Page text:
Vygotsky, a social constructivist, stands in opposition to those such as Piaget, by highlighting the need for social interaction in promoting child development (Sutton). He suggests that language and verbal interactions are primary, and development occurs as a result, the opposite of Piaget's ideas. When a child is born and in the very early stages of development, language skills are limited, which in turn emphasizes the importance of interaction and experiences with experienced individuals who are able to foster a zone of proximal development. In the years prior to schooling, a child's parents are deemed the "experts," and once formal schooling commences, teachers fulfill that "expert" role and continue to expand a child's capability. By providing a child with new conversational experiences and beneficial verbal interactions, a teacher fulfills their responsibility of helping a child to learn skills that promote and progress long-term development.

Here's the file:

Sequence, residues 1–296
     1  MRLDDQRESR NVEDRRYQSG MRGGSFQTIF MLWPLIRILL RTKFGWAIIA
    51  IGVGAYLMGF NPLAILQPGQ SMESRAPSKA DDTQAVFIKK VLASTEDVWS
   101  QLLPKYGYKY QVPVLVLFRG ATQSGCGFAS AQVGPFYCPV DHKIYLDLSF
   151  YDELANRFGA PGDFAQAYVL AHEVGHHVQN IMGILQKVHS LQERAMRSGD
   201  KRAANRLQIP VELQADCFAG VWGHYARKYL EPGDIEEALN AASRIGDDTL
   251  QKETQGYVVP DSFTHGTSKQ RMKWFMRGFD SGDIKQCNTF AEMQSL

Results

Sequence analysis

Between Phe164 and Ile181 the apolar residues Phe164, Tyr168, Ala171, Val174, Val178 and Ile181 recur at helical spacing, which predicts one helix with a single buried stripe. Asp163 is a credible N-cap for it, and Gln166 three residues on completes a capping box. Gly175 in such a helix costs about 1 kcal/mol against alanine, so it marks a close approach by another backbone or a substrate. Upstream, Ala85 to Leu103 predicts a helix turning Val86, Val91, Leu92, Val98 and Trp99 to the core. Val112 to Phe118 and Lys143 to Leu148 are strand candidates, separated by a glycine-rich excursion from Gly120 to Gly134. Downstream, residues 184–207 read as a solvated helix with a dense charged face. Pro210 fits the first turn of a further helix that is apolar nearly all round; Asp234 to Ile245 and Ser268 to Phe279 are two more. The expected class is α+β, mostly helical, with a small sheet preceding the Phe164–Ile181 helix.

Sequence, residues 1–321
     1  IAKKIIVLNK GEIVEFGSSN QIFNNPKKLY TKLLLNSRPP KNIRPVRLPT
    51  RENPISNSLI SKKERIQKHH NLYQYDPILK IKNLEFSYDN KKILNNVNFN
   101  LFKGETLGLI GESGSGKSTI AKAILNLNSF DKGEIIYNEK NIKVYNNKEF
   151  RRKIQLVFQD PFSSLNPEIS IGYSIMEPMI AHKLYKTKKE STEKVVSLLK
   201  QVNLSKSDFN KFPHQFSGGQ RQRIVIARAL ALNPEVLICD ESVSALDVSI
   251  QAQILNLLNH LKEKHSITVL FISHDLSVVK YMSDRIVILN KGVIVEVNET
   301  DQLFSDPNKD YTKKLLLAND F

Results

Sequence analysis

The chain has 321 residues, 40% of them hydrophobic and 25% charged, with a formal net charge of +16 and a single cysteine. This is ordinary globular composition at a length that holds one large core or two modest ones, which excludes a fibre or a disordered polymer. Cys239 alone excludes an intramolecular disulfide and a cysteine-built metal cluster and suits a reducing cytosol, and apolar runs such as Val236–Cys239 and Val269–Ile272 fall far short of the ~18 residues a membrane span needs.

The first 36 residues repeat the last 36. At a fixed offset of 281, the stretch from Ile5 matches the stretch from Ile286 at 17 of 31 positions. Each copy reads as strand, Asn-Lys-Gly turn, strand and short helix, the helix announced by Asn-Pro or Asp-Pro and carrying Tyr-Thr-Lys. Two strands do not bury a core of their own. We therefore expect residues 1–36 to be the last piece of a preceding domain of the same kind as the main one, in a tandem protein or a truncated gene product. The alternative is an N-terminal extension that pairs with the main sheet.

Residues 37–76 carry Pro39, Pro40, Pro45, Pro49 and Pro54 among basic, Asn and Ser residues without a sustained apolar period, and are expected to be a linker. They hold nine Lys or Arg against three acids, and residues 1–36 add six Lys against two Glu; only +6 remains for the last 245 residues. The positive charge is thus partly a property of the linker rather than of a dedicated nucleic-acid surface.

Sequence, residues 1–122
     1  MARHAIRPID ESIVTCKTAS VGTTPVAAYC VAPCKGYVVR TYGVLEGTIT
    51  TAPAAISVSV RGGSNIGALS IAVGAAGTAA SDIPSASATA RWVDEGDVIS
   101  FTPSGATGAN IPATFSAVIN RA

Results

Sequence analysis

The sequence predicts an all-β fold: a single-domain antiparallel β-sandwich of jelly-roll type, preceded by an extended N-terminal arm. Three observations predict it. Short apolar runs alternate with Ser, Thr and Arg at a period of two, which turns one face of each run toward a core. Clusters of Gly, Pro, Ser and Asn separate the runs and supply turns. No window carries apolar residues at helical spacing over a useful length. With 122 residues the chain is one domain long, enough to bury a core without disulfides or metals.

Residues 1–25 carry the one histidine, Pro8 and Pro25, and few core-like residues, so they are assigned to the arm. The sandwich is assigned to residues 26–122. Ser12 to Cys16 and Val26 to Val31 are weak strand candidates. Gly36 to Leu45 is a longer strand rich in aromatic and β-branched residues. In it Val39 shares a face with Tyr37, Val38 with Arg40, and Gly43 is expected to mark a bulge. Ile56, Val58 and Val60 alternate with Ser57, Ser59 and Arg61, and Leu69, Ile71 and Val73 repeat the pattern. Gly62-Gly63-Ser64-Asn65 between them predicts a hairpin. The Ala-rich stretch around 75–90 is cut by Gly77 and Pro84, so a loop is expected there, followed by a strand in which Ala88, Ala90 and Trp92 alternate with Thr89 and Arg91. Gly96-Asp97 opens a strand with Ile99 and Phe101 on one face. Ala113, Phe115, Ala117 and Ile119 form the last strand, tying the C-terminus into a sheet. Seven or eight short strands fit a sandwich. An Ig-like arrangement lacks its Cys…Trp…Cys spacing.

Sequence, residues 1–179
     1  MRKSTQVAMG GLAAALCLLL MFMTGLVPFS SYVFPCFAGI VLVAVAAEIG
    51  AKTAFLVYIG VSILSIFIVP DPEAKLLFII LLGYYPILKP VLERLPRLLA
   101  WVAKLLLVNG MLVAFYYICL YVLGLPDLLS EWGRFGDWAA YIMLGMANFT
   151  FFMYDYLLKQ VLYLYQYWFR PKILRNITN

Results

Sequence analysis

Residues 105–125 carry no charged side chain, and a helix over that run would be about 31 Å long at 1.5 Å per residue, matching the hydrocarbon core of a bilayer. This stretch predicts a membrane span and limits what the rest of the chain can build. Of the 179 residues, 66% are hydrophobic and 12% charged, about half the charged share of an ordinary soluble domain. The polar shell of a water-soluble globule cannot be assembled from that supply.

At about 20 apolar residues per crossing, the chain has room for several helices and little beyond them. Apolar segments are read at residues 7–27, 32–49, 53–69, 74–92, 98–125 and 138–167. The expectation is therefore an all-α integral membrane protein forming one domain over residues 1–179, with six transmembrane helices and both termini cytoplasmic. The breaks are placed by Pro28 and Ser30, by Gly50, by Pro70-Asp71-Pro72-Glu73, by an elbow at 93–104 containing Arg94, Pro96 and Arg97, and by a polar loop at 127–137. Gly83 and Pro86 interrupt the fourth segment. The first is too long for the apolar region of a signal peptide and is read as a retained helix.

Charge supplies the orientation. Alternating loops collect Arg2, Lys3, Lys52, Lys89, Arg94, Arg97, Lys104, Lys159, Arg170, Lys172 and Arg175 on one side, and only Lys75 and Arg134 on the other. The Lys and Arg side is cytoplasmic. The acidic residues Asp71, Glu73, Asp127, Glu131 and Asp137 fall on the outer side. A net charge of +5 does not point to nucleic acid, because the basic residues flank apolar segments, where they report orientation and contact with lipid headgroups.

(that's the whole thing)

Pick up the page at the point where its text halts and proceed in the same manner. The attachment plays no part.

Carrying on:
Sutton, K. S. and R. (n.d.). Educational Psychology. Lumen. https://courses.lumenlearning.com/educationalpsychology/chapter/major-theories-and-models-of-learning/.